War of the Rebellion: Serial 045 Page 1001 Chapter XXXIX. CORRESPONDENCE, ETC. - CONFEDERATE.

Search Civil War Official Records

crowded with troops; supposed strength, 5, 000. They are landing in small boats; also going up Lower Point Creek. They have one monitor. They commenced landing before midnight. I have only about 300 troops, exclusive of militia, for the defense of Petersburg.


Colonel, Commanding.

RICHMOND, July 12, 1863.

General [R.] RANSOM, Jr., Williams' House:

I have just learned that General Hill left this morning, and you are in command. Information fully confirmed of landing of troops at Brandon last night about 1 o'clock. Have you taken measures, and what, to meet this advance? Prompt measures are necessary.


Secretary of War.

RICHMOND, July 12, 1863.

Commandant, Petersburg, Va.:

Urge the mayor to call out the citizens, and, as far as practicable, organize and arm them for local defense. Lend all the influence and assistance to the effort that you can.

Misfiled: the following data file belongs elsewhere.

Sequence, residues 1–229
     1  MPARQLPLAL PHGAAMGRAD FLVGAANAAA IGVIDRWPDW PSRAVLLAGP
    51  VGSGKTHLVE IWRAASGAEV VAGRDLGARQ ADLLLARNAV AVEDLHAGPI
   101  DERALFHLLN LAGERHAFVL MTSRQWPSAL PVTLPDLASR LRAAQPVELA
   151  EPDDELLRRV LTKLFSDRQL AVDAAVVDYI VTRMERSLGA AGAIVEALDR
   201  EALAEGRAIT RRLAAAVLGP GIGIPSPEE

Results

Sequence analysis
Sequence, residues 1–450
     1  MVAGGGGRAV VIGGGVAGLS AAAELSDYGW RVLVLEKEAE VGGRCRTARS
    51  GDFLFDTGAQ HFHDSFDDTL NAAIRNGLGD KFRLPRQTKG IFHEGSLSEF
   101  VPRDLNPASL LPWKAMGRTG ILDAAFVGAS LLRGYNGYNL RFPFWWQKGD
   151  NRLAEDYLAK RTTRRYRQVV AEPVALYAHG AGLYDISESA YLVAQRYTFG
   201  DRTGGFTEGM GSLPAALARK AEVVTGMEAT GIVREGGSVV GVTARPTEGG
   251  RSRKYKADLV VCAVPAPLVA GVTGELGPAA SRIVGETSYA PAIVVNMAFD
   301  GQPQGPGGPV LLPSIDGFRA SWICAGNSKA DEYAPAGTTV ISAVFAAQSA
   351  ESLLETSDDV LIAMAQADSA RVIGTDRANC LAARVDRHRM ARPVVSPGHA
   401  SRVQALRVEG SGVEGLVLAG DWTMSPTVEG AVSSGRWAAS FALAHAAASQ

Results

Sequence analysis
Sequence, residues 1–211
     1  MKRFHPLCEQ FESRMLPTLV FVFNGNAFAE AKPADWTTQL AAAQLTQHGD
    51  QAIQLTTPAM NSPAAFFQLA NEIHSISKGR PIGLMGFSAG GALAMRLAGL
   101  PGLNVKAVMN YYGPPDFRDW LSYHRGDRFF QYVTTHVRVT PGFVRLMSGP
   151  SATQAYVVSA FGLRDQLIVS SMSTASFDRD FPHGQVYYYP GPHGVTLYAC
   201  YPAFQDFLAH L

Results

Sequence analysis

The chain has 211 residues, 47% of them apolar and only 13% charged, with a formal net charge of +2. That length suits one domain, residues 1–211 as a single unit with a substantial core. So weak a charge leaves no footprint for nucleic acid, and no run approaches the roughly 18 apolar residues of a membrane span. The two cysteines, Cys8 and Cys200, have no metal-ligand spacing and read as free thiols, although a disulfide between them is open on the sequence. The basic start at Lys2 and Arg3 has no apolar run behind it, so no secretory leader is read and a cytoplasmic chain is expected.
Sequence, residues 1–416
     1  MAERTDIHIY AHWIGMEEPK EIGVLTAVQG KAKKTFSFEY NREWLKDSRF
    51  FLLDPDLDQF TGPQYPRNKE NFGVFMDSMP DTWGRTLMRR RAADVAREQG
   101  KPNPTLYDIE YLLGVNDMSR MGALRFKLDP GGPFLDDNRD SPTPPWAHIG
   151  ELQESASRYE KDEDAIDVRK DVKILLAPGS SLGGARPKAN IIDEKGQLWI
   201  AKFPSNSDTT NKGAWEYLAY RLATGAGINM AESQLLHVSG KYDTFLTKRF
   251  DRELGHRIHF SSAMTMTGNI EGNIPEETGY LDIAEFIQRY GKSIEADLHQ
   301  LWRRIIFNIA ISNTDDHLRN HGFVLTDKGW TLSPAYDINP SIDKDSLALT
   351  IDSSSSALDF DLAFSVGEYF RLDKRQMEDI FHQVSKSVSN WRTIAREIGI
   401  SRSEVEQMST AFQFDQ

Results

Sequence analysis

Secretary of War.

JULY 13, 1863 - 4. 15 p. m.

Major General J. E. B. STUART,

Commanding, &c.:

GENERAL: As arranged this afternoon, I wish you to place your cavalry in position before night, so as to relieve the infantry along the whole extent of their lines when they retire, and take the place of their sharpshooters when withdrawn. They will be withdrawn about 12 o'clock to-night. Direct your men to be very vigilant and bold, and not let the enemy discover that our lines have been vacated. At daylight withdraw your skirmishers, and retire with all your force to cross the river. Have officers stationed at the fords, so as to direct your men immediately upon arrival, and make every arrangement to get your command over in safety. The cavalry that occupies Longstreet's line might cross at the bridge if the officer in light. The rest had better cross at the ford, I think, but you may take any course that you may think best. I know it to be a difficult, as well as delicate, operation to cover this army and then withdraw your command with safety, but I rely upon your good judgment, energy, and boldness to accomplish it, and trust you may be as successful as you have been on former occasions. After crossing, continue to cover the rear of army with part of your force, and with the rest move forward to our front, where you will receive further orders.

Very respectfully, &c.,

R. E. LEE,